When the Stowers researchers examined the activation pattern at the level of single glomeruli, they found that certain odours activated glomeruli within a distinct area of the olfactory bulb, while others signalled to glomeruli located all over the map. Odours from different classes intermingled, too, suggesting that the glomeruli have not evolved to only detect the chemical shapes of specific odourants.
This makes sense, as there are hundreds of thousands of odours, says Limei Ma, PhD, a research specialist at Stowers and first author on the new study. "Many of them could be really novel to the organism, something they never encountered before," she says. "The system must have the capability to recognize and encode anything."

So, we are not going to gain an actual working scent interface from the study of mice. We are however, making grand strides in understanding how the sense works. In fact, it gets a lot more intricate as you look deeper.

The team was led to a "tunotopic" hypothesis of the olfactory system. Individual olfactory receptors are "tuned" during evolution not to one particular kind of odourant, but to a variety of molecules. In combination, these receptors can then respond to those millions of smells. Glomeruli with similar tuning properties tend to be near each other. From a computing standpoint, this arrangement helps to enhance contrast among similar odours, explains Ma.
"The evolution of these receptors is not dictated by the chemical structures that they recognize," says Yu. "Most of our receptors have descended from a few common ancestral genes. Initially, they are more likely tuned to similar odours. When receptors accumulate mutations, it adds to their repertoire of natural odours they recognize."

This is where our understanding has been failing the most. Think of the olfactory system as a series of sliding scales blending into one another. A lot like an orchestra but in three dimensions. Multiple glomeruli are detecting each individual molecule. Different glomeruli detect different elements of the molecule, concentrating on different variations. In other words the molecule does not have to fit perfectly, like a key sliding into a lock to be recognised – it only has to make a partial match to trigger a neural pulse. Multiple pulses from different glomeruli to the somatosensory system are what make up each scent we perceive.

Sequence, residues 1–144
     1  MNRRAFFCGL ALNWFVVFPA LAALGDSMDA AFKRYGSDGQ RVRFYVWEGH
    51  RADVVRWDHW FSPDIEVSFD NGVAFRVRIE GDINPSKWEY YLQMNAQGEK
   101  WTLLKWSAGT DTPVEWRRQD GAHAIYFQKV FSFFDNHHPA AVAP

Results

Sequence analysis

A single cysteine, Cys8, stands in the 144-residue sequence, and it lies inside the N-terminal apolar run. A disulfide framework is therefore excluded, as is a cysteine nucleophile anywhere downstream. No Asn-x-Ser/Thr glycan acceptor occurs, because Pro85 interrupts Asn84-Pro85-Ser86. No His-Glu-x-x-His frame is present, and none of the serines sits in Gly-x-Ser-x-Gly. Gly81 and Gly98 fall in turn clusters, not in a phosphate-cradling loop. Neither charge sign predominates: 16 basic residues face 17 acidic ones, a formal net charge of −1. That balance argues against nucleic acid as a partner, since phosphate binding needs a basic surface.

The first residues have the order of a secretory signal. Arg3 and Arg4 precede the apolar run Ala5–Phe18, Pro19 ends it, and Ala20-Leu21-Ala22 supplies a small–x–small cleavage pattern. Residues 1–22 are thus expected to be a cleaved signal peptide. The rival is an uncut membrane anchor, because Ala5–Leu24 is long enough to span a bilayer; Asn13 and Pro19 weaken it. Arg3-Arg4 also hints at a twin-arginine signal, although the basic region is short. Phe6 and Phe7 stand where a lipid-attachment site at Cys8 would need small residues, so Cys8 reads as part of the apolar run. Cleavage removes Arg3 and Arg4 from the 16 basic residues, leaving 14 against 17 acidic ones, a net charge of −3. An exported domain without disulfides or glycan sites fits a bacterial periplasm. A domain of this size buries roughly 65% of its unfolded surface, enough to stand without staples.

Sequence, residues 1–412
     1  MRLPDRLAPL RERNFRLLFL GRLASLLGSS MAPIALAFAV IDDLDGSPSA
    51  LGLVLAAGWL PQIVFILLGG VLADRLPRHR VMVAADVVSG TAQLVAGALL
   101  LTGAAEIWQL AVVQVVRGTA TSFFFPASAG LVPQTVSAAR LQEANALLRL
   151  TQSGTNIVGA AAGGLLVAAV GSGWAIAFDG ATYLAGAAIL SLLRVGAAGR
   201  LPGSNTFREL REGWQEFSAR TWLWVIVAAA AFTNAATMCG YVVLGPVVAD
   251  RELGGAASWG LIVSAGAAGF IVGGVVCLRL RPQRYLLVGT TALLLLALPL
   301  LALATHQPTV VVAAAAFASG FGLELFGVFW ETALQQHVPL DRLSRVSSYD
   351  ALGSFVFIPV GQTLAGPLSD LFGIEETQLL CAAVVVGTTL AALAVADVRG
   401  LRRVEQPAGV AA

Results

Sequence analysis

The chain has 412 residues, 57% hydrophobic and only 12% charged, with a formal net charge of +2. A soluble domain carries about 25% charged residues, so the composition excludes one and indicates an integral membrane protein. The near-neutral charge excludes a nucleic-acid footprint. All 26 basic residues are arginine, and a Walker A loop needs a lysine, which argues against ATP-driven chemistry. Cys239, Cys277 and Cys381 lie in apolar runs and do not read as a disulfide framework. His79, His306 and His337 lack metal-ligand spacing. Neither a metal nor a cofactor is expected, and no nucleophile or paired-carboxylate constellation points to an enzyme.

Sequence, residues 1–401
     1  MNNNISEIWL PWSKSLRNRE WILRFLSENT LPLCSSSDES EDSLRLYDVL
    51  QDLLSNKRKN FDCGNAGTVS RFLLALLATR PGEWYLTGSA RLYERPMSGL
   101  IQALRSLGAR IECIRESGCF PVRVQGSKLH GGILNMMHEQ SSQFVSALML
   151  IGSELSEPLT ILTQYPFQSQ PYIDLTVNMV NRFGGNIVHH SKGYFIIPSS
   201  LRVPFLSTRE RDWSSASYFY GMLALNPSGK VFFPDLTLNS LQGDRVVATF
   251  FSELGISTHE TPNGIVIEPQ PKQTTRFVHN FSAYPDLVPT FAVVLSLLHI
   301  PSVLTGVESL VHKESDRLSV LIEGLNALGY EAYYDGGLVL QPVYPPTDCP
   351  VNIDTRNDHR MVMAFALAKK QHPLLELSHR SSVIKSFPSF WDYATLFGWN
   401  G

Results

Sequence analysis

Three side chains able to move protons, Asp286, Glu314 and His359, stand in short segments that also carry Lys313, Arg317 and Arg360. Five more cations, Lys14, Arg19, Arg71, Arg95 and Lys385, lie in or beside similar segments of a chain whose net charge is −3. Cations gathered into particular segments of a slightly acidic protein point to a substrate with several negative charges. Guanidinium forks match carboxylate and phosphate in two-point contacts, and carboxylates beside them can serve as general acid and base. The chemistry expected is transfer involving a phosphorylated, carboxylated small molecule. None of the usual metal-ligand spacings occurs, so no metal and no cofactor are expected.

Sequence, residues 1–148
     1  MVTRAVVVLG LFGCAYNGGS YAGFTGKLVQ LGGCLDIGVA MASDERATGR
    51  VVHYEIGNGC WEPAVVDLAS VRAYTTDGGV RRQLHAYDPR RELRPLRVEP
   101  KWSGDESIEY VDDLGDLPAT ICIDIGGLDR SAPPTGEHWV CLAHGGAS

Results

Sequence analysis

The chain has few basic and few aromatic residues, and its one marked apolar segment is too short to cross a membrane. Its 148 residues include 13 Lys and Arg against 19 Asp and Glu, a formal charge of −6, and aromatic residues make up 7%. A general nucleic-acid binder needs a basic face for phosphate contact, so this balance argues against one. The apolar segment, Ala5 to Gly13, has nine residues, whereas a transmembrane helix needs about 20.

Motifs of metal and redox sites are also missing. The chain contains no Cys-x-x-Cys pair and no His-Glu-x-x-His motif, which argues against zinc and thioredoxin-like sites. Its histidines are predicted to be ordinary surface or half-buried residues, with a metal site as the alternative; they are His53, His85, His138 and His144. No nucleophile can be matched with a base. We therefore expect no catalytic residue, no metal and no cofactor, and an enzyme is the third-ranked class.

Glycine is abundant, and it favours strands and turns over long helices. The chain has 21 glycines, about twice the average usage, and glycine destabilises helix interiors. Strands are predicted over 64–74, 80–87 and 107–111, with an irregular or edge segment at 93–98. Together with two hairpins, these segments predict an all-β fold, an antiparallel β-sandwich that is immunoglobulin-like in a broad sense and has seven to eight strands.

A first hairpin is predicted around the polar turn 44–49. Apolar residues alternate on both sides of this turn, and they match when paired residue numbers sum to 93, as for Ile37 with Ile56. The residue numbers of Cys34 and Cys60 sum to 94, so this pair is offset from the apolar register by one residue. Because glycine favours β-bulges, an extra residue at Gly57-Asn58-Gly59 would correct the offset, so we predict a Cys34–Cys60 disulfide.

So, it is never going to be a case of “this neural code represents this scent”. Rather, it is a case of “this code plus this code, this code and this code, when transmitted together, produce this scent”. The sense of smell is an emergent sense. It can still be conquered, but we were expecting things to be much simpler than they actually are. Different receptors overlap with one another to create a much more complex scent system than the individual receptors could alone. This also goes a long way towards explaining why, with only around 10 – 12 million olfactory receptors, the human nose can detect almost infinite variance between similar odours.

Glomeruli in the olfactory bulb (shown in green), the first waystation for incoming olfactory signals, play an important role in the processing and identification of smells.

As with other attempts to create artificial senses, the key is in the neural codes. Once we understand the formula used, we can broadcast the codes for scents the brain already recognises – and generate new ones, without worrying that the brain might not understand them. In fact the only real danger is that if we don't sync up new codes to the ones naturally generated, the smells we generate could be interpreted wildly differently by the brain.

"When you have a new chemical synthesized, like new perfumes and food flavours, you don't have to create new brain regions to react to it," says Ma. "What you do is use the existing receptors to sense all these chemicals and then tell your brain whether this is novel, whether it's similar, or whether it's something really strange."


Smell Is a Symphony

Distributed representation of chemical features and tunotopic organization of glomeruli in the mouse olfactory bulb (Paper, Subscription Required)